CBRS spectrum is exposed to users in a three-tiered licensure system that enables enterprises and agencies to stand up private LTE networks in the 3.5GHz spectrum, provided their network can ensure—via Environmental Sensing Capability (ESC)—that it will not interfere with incumbent (e.g. military) operations in the CBRS band. Spectrum sharing operates on the innovative Spectrum Access System (SAS) model, which automatically coordinates frequency access on the following tiered scheme:
Although LoRa-based solutions operating in the sub-GHz ISM band will remain vital to the LPWAN market, and the IoT industry more generally, CBRS will enable new IoT strategies and unlock higher bandwidth use cases. For example, as Brian Ray (former CTO of Link Labs) argues, “For high-reliability use cases or those in environments already plagued by complex IT systems and crowded unlicensed band usage, like hospitals, CBRS could open up a new capability to install IoT solutions.”
One reason for the excitement around CBRS opening up is this: cell carriers used to dominate a lot of the good spectrum, excluding cable and tech companies from competing. Now, with neutral-host LTE becoming viable, cable and tech companies such as Comcast, Cox, Charter, Google, etc., can build even bigger monopolies. When cell carriers are no longer the sole gatekeepers of so much of the “sweet spot” of commercially available spectrum, giants like Google and Comcast will be able to reach end customers more directly. At least in the short term, until new monopolies form, this could benefit consumers.
Neutral host connectivity could enable that hypothetical smart hospital to avoid paying per-device cellular carrier fees if the hospital provided its own connectivity components. The 4G/5G devices our smart hospital deploys could see three-to-four times the range it would have seen if attempting to use the hospital’s WiFi—without any of the headaches of managing WiFi security since that problem is now solved with SIM cards.
The smart hospital solution operators would not have to concern themselves with managing the low-level network issues they would have had to handle with IoT-specific network infrastructures like LoRa or Zigbee. They would have offloaded many of those concerns onto the cellular host currently backhauling their network.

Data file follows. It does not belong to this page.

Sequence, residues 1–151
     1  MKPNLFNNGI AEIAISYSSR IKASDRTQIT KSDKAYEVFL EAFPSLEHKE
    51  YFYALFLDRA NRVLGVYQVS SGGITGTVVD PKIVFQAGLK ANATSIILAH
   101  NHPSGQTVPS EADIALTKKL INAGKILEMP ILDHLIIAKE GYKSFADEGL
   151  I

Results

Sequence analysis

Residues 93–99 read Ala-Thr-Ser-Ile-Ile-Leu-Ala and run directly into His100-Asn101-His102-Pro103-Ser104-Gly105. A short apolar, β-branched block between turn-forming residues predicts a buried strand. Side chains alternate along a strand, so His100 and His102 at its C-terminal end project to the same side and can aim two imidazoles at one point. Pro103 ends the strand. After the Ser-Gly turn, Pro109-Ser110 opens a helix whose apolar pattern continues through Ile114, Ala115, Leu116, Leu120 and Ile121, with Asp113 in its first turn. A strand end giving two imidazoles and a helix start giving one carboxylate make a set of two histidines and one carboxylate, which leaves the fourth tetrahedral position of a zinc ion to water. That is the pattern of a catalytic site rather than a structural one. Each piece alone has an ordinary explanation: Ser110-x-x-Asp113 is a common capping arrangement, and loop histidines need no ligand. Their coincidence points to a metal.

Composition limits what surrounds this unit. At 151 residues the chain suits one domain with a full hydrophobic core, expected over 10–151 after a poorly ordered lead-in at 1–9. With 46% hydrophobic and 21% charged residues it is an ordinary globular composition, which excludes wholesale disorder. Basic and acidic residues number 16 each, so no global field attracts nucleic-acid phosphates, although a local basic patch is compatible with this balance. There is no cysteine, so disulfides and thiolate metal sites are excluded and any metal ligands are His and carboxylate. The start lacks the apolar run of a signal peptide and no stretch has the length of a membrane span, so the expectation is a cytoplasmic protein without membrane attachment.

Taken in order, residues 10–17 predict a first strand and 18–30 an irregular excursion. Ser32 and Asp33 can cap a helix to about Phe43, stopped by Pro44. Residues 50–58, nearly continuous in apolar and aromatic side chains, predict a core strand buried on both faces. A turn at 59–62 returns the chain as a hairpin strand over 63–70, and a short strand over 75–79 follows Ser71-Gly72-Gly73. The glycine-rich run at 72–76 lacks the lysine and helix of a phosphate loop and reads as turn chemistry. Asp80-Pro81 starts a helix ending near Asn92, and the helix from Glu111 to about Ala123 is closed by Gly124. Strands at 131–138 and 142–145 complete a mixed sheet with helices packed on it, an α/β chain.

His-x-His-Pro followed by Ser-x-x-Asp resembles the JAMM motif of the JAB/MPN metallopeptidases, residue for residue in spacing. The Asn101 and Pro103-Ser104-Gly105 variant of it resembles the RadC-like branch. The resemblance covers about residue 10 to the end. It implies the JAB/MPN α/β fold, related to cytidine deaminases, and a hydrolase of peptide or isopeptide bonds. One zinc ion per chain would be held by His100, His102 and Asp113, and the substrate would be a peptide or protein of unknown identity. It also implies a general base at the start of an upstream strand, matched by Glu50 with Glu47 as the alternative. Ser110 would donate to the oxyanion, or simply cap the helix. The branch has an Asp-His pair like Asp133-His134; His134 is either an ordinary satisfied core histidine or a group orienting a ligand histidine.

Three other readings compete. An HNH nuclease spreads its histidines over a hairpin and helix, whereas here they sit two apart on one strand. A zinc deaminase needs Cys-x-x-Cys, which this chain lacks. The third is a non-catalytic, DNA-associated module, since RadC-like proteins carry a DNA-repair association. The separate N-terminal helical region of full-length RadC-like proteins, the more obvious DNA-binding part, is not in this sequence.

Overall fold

Perhaps most importantly, since in-building consumer cellular rather than IoT is the primary driver behind CBRS commercialization, general in-building connectivity could improve dramatically, with smart applications piggybacking on top of that new CBRS backbone.
The Shared Future of IoT and CBRS-Enabled Smartphones
Commercial CBRS is only starting to become viable. And although it could be several years before deploying IoT solutions on top of CBRS infrastructure becomes frictionless, all signs are pointing to the band being a major enabler of IoT adoption. As Brian Ray concludes, the likeliest scenario in which IoT systems will leverage CBRS is not the deployment of dedicated CBRS networks for an IoT use case, but rather IoT systems being layered on top of CBRS-enabled private LTE networks that get installed in buildings to amplify in-building and campus-wide cellular access at the enterprise level.
Google, Apple, Sony, Commscope, and Federated Wireless, to name a few, were recently SAS-certified, meaning they can start building devices—e.g. smartphone modules—that can use the CBRS band. The commercialization of CBRS rests on the innovative idea of sharing spectrum. It is perhaps only fitting that CBRS-enabled IoT solutions share the stage with (currently) more dominant devices: smartphones. Expect to see IoT solutions thrive in the wake of mobile device drivers. This new, robust kind of shared private network will hopefully propel the IoT sector forward.